Note: This chart displays the mean level of concern (on a scale of 1-5) across 19 different issues for both conservative and libertarian millennials who attended the Libertarianism v. Conservatism intern debate at the Cato Institute. Moving from the inner to the outer circles indicates an increasing level of concern for each respective issue. Results from statistical tests are shown which indicate if conservatives and libertarians significantly differed in their concern for the issue *** p<.001 ** p < .01 * p < .05.

Despite a multitude of differences, millennial libertarian and conservative attendees share almost the same top five political priorities: 

  • Size of government
  • Government spending and debt
  • Taxes
  • Economy/jobs  

Japan’s Slow-Motion Fiscal and Monetary Suicide

Remember Bill Murray’s Groundhog Day, the 1993 comedy classic about a weatherman who experiences the same day over and over again?

Well, the same thing is happening in Japan. But instead of a person waking up and reliving the same day, we get politicians pursuing the same failed Keynesian stimulus policies over and over again.

The entire country has become a parody of Keynesian economics. Yet the politicians make Obama seem like a fiscal conservative by comparison. They keep doubling down on the same approach, regardless of all previous failures.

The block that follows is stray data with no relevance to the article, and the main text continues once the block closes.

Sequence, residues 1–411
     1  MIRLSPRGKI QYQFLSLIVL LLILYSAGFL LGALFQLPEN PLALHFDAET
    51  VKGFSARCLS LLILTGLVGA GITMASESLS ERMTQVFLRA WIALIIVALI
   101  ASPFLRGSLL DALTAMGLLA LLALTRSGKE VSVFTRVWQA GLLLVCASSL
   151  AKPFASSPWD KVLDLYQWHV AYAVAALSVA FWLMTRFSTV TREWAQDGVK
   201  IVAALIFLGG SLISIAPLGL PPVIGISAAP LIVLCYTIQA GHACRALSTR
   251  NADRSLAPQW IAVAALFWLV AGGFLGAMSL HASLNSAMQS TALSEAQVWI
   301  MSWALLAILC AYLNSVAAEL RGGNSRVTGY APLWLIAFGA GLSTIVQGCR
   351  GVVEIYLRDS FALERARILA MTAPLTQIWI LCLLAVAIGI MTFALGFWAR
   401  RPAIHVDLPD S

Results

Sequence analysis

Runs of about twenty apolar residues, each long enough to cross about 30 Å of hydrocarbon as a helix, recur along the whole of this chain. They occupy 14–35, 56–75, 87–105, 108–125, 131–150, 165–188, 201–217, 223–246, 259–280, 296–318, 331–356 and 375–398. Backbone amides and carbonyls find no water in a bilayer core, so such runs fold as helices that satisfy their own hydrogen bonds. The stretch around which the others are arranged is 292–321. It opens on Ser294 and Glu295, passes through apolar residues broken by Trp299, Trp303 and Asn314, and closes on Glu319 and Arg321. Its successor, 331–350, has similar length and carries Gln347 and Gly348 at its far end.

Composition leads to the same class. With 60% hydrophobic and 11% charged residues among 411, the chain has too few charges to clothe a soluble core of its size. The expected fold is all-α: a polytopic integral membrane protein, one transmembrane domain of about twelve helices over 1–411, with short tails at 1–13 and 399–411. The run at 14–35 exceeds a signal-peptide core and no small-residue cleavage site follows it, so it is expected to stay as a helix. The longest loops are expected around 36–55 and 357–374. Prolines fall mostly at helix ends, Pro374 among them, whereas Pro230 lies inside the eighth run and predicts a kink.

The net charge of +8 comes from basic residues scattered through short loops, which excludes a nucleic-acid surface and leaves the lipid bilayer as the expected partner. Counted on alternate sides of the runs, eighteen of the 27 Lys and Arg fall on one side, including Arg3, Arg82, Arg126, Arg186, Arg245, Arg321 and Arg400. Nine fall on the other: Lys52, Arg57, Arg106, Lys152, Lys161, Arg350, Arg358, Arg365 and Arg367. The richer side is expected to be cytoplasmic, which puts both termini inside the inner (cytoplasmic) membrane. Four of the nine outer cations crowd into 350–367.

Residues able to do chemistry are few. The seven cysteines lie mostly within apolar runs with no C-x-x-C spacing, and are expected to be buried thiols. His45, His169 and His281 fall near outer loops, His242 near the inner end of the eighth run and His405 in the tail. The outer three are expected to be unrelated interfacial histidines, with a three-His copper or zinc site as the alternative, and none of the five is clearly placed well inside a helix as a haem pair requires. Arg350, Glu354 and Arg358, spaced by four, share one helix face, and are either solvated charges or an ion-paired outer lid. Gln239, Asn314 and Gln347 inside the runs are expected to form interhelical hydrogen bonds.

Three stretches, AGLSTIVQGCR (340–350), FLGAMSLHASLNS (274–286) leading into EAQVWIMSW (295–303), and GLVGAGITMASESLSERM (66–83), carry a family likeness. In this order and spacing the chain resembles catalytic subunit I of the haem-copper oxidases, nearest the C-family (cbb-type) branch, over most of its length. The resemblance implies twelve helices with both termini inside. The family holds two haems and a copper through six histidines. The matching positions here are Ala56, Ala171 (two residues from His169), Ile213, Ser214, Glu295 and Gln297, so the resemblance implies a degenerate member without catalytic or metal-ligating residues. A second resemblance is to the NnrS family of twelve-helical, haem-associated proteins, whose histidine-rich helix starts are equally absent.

The Wall Street Journal reports on the details of the latest Keynesian binge.

Japan’s cabinet approved a government stimulus package that includes ¥7.5 trillion ($73 billion) in new spending, in the latest effort by Prime Minister Shinzo Abe to jump-start the nation’s sluggish economy. The spending program, which has a total value of ¥28 trillion over several years, represents…an attempt to breathe new life into the Japanese economy… The government will pump money into infrastructure projects… The government will provide cash handouts of ¥15,000, or about $147, each to 22 million low-income people… Other items in the package included interest-free loans for infrastructure projects…and new hotels for foreign tourists.

As already noted, this is just the latest in a long line of failed stimulus schemes.

The WSJ story includes this chart showing what’s happened just since 2008.

Not My Commander in Chief

Hillary Clinton declares on the campaign trail, “Donald Trump simply doesn’t have the temperament to be president and commander in chief of the United States.” Thankfully, he isn’t going to be – not because of his standing in the polls, but because there is no such position as “commander in chief of the United States.”

This is a constitutional republic, and we don’t have a commander in chief. According to Article II of the Constitution, “The President shall be Commander in Chief of the Army and Navy of the United States.”

That’s an important distinction, and it’s disturbing that any candidate for the presidency would miss it. Hillary Clinton may want to be commander in chief of the whole country, of you and me, and to direct us and our economic activities the way the president directs the officers and soldiers of the armed forces. But if so, she needs to propose an amendment to the Constitution – an amendment that would effectively make the rest of the Constitution irrelevant, since it was designed as a Constitution for a limited government of a free people.

Much as they might both wish it, neither Donald Trump nor Hillary Clinton is going to be my commander.